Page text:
I felt that the story-telling was lacking. Case in point: Naofumi gets blamed for everything and was always guilty until proven innocent. This problem kept on repeating throughout the series that it became predictably exhausting. I understand that the name of this show is called Rising of the Shield Hero but there are different problems that he could’ve faced that would’ve been more effective to overcome and to show character growth rather than defaulting to the slander/lies that Malty kept on spewing from her mouth. Also, Naofumi always had to resort to using his Cursed Shield Series, which he fully knows that it causes others to get hurt. As a result of taking all of the world’s problems on his shoulders while feeling isolated as he uses the Cursed Shield Series, he always gets the pep talk that he’s not alone. Again, this is important to have the main character be reminded of the support behind him but it being overused starts to become more cheesy than meaningful.
Also, I think they should have just ended the series on Episode 21 because I felt that viewers should’ve been given the moment of salvaging the sweet justice served well for Naofumi. But the fact that the writers chose to start a new arc with the last three episodes
- Cheapens and erases his well earned moment
- is meant to raise the stakes of the plot (in my opinion, this build-up was rushed), considering the fact that it’s the world of Melromarc versus the world of L’arc, Glass, and Therese’s now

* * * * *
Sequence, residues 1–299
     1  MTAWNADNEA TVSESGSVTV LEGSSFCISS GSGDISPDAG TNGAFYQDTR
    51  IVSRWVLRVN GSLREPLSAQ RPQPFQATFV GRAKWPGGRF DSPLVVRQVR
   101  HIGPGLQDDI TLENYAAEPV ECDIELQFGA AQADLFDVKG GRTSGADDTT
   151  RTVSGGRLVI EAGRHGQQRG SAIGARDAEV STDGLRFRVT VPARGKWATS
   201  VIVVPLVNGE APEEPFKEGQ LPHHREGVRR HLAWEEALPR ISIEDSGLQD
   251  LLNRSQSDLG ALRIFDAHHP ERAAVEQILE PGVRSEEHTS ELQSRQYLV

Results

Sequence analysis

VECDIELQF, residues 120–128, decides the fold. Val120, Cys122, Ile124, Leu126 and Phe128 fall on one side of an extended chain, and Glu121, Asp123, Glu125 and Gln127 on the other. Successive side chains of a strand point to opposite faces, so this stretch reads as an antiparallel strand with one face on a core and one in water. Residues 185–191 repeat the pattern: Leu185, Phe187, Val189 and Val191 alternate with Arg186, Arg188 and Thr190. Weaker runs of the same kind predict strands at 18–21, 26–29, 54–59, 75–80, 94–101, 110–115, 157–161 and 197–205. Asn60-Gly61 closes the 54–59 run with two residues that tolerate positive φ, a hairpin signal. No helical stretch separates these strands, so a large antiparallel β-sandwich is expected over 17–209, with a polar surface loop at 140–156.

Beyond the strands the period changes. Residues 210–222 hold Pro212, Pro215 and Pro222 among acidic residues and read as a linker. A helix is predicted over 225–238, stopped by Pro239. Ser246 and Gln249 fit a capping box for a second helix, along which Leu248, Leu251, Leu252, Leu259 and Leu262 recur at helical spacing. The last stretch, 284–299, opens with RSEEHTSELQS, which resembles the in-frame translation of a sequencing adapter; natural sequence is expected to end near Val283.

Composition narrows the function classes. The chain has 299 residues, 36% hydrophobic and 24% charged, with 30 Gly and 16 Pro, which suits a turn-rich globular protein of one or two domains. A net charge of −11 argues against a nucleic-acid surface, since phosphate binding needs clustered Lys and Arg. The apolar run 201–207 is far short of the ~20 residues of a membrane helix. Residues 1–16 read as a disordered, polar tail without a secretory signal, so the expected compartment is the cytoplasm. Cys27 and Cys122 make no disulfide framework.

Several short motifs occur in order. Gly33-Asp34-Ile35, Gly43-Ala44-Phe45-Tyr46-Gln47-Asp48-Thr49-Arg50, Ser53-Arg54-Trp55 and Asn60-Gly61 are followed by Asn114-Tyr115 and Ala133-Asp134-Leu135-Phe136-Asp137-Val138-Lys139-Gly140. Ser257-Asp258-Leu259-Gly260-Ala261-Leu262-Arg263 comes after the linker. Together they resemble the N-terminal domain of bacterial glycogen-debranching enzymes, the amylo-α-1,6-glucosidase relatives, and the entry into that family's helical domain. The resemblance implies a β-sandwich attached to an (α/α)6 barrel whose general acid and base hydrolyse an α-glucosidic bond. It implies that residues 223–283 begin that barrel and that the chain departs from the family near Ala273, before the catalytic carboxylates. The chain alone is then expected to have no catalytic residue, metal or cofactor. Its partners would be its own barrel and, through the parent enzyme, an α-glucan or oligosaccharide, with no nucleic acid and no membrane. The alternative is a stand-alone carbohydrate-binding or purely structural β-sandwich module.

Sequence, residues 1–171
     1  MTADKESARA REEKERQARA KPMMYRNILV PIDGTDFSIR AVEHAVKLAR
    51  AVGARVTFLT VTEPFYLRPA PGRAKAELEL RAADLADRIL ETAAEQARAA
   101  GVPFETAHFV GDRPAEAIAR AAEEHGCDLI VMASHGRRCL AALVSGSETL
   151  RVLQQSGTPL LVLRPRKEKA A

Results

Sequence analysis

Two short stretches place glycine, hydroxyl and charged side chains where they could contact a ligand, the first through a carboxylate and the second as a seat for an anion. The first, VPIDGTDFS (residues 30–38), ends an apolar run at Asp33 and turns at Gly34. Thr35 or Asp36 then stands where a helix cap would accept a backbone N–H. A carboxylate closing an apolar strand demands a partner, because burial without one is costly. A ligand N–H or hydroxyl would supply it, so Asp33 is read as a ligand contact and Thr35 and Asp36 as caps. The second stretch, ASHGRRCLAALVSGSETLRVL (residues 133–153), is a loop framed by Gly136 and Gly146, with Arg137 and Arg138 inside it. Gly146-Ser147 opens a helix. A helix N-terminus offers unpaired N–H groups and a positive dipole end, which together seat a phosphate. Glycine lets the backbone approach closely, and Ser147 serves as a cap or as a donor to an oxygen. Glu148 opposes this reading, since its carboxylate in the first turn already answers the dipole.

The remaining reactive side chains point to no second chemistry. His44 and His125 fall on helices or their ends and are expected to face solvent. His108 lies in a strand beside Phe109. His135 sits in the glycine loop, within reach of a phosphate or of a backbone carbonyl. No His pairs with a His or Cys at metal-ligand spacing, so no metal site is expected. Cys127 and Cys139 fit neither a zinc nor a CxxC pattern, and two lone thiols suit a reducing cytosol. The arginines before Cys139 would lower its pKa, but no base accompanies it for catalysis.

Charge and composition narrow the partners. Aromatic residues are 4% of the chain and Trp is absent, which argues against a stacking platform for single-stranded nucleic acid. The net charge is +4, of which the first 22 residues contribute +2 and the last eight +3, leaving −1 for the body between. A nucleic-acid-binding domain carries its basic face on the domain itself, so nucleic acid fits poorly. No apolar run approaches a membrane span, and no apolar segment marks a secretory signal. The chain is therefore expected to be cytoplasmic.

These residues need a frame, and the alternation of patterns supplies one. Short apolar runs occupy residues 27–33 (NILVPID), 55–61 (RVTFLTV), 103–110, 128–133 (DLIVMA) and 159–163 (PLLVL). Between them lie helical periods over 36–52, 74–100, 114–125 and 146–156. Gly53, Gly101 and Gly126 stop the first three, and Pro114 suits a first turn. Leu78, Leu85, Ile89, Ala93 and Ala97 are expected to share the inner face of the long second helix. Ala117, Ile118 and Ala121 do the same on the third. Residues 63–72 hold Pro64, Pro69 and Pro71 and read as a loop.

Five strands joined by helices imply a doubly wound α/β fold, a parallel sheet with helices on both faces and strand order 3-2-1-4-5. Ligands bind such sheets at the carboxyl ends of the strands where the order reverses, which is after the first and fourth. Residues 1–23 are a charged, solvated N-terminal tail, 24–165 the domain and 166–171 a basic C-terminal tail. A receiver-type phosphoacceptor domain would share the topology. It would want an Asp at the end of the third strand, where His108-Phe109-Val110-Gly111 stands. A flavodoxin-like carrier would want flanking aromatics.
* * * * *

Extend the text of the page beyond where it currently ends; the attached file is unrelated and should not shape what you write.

- To keep fans in suspense and hyped for a possible Season 2 (which hasn’t been confirmed yet but fans have high hopes).
Another part that bothered me throughout the series was that most episodes, especially in the beginning, included montages of the characters in their daily activities. I understand that the anime is adapting a long, ongoing series and they have to shorten some details for convenience but, I felt that that method was lazy storytelling. If anything, that thought should have made the dialogue much more precious to write rather than hiding behind slideshows of their activities. Don’t just show. Tell. But even if you do tell, tell wisely–the viewers should be learning alongside the characters and not to be lectured at. Therefore, storytelling is a craft of effectively immersing the viewers into the eyes of the characters and their world. If you want to see an anime that exemplifies these elements, then I suggest you watch Dororo (2019), where each episode uses effective narrative explanations without being condescending; each character has an important contribution to the plot; and you learn about the narrative world along with the characters. As I watched these two series at the same time, I found myself constantly gravitating to the action/storyline of Dororo over Shield Hero. Sorry. Dororo, in fact, is written by the “godfather of manga,” which is reasonably a well deserved title because of its stellar storytelling and it equally deserves you attention.
Overall, I wouldn’t say it was that horrible: the beginning got me hooked. But towards the end of the series, the passion and the energy that I felt for the series slowly waned away. I’d give the series a rating of 7/10. Do I see myself revisiting the series? No. Do I see myself hustling to watch Season 2? Sadly, no.
But again, thank you for sharing this experience with me! If you like to read my episodic reactions to anime, I suggest you follow my ongoing posts on Fruits Basket (2019)!